The "blank screen" passage has been much quoted (including by me a couple of times) and, standing alone, might suggest cynicism. But when considered in the context of the previous few paragraphs and poignant following sentences — and when read now, after the president's first difficult year in office — a sadder, possibly tragic, vision emerges.

Perhaps the president has not been tactical and clever in the various different facets of his views that he has shown us: "I am a prisoner of my own biography. .. ." If one reads his words that he is "forever mindful of how generations of people who looked like me were subjugated and stigmatized," and his words a few paragraphs down, where he wonders, "How I, or anybody in public office, can avoid the pitfalls of fame, the hunger to please, the fear of loss" — one can't help wondering whether his "hunger to please" is in perpetual, inconclusive battle with his innermost visions and judgments.

Of course, we are all a bundle of contradictions, and we all grapple with the tension between pleasing others and being true to ourselves. And Mr. Obama is to be commended for writing with such searing honesty just a year before he started his run for the presidency.

But all of the foregoing would be merely obscure marginalia to the main text of his presidency if, in his first year in office, he had executed his responsibilities with a firm steadiness of purpose. He would not be in the fix he is in now if he had so comported himself that his strong supporter Mr. Herbert (and many other of his cheerleaders) had not felt compelled to rudely question his credibility and wondered out loud who Mr. Obama is.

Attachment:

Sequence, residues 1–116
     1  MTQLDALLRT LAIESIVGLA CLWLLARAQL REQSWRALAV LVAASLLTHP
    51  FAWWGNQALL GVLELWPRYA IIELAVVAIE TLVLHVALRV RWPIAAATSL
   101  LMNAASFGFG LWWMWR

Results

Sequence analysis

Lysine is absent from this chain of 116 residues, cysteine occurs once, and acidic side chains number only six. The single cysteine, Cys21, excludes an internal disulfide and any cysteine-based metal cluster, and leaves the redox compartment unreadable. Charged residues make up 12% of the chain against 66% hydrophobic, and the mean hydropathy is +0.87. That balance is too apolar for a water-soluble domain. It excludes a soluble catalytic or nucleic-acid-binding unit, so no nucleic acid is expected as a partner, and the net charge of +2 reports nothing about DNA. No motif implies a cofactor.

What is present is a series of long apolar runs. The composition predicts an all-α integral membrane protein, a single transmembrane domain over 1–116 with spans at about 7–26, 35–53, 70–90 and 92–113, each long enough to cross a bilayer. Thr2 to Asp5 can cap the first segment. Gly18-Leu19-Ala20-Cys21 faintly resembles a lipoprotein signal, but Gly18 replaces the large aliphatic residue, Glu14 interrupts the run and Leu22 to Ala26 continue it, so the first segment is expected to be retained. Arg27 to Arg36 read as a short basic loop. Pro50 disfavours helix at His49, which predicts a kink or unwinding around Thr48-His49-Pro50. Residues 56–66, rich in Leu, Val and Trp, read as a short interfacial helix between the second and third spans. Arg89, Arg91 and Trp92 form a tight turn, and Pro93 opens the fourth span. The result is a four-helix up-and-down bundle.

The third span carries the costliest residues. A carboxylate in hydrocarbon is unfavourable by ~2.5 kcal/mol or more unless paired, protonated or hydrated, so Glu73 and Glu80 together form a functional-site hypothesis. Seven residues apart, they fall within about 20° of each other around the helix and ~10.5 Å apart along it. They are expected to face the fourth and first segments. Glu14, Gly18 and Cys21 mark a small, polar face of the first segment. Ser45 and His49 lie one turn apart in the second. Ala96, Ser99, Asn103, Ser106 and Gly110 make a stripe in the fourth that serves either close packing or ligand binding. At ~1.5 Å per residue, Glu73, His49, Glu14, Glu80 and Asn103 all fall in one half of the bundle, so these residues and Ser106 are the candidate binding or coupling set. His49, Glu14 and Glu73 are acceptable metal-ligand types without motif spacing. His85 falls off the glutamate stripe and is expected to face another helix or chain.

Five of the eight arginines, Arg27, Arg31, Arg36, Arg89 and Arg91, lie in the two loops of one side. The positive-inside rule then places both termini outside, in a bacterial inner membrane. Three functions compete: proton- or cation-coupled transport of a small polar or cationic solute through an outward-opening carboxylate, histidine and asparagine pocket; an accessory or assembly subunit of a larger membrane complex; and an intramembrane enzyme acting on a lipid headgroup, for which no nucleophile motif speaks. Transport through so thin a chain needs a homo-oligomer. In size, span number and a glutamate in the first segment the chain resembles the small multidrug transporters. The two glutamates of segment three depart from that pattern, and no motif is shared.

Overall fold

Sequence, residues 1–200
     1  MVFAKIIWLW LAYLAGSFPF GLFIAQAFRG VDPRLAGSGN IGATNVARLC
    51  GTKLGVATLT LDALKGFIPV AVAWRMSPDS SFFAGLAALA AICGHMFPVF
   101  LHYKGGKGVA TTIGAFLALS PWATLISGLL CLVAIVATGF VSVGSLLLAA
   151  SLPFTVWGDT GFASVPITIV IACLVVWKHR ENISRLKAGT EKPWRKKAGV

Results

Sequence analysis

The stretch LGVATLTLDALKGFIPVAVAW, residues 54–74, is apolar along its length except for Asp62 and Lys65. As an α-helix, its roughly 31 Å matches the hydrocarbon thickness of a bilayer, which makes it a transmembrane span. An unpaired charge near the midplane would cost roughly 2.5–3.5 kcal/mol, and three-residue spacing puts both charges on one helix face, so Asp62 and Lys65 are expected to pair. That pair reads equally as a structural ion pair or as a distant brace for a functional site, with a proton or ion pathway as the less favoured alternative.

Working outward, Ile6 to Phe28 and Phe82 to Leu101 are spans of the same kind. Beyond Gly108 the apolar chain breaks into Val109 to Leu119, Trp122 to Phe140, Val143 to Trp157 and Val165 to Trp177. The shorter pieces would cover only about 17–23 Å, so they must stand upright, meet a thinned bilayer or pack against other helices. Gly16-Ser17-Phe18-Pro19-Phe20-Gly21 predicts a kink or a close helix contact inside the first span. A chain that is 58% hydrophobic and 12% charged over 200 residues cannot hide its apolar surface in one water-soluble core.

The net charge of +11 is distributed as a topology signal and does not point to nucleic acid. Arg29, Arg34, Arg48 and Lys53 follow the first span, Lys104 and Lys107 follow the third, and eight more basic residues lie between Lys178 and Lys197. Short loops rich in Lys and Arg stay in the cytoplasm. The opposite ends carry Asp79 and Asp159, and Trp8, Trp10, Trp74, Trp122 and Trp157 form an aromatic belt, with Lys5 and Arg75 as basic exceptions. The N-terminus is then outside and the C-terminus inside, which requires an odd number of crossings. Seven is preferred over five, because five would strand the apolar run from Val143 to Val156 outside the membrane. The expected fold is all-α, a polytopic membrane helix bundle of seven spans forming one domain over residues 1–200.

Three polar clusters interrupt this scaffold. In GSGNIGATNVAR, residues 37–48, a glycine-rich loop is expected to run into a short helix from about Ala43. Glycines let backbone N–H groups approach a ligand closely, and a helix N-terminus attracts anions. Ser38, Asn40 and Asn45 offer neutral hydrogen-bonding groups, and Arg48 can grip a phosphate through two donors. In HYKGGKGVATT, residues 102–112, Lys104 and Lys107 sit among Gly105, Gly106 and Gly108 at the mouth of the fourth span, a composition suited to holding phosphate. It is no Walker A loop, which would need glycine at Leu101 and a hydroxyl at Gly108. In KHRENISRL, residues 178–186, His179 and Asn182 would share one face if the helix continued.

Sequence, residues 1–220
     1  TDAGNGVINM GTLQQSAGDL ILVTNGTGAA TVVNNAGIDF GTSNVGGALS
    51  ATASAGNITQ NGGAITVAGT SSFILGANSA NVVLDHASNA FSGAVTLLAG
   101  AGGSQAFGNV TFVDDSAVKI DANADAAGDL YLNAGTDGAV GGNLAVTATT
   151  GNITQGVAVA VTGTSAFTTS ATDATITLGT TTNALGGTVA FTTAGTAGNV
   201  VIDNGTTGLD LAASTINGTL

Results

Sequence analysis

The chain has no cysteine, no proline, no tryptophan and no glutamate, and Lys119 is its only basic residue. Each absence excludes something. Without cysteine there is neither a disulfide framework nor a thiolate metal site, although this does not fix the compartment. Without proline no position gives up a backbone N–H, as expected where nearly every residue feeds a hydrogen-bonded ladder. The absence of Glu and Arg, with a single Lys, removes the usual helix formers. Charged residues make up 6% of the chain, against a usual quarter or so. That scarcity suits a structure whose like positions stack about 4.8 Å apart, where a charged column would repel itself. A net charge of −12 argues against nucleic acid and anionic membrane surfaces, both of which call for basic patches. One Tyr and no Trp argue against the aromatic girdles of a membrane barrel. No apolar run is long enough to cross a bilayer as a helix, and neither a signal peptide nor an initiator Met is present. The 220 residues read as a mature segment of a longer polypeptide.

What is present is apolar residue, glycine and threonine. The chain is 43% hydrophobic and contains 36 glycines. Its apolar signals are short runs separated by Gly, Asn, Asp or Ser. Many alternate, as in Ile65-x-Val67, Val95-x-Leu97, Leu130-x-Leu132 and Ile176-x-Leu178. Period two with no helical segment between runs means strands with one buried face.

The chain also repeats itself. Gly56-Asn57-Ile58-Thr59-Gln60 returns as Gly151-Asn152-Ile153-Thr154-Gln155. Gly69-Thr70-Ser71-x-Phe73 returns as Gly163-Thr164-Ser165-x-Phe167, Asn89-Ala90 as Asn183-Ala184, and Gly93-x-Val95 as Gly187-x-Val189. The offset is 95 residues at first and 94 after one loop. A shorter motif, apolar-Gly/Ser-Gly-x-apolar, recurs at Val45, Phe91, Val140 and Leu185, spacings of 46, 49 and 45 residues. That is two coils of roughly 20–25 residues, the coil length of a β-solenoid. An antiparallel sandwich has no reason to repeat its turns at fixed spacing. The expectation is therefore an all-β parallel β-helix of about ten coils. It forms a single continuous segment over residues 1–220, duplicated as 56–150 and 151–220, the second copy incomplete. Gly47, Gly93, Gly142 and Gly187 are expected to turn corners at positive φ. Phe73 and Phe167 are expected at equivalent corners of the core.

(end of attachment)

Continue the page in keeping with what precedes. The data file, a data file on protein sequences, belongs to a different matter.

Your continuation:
Letter from JWR publisher

If the president is to save his presidency from a fatal weakening, he needs promptly to work through his inner dialogue and resolve the contesting urge to be loved with the urge to be true to himself — in favor of the latter. His State of the Union speech reflected too much of the former.

He could do with a little less public love and a lot more public respect. Take some stands and stick with them. If he thinks we need more deficit spending to stimulate the economy, he shouldn't trot out rhetoric and faux policies in support of deficit reduction. He thereby neither gained the support of fiscal conservatives nor kept the favor of those for more deficits. (See Paul Krugman's brutal New York Times column in which he called the president not a true deficit hawk, but a "deficit peacock," a term he borrowed from an article published by the Center for American Progress) because, as the CAP article said, he "pretend(s) that our budget problems can be solved with gimmicks like a temporary freeze."

If he truly believes he cannot get the health care legislation he wants, he should tell his allies (House Speaker Nancy Pelosi in particular) to drop it, now. Give his allies on the Hill firm priorities and guidance. He should not continue to hint at cap-and-trade if he knows it can't happen in 2010. He may disappoint the Greens but gain their respect for his firm leadership.

Whether he wants to "stay the course" or "pivot to the center," the president has the next six months to steadily and unambiguously execute that vision. If he fails to right his image by then — it will be post-Katrina time for yet another president.

Every weekday JewishWorldReview.com publishes what many in the media and Washington consider "must-reading". Sign up for the daily JWR update. It's free. Just click here.


Tony Blankley is executive vice president of Edelman public relations in Washington. Comment by clicking here.

© 2010, Creators Syndicate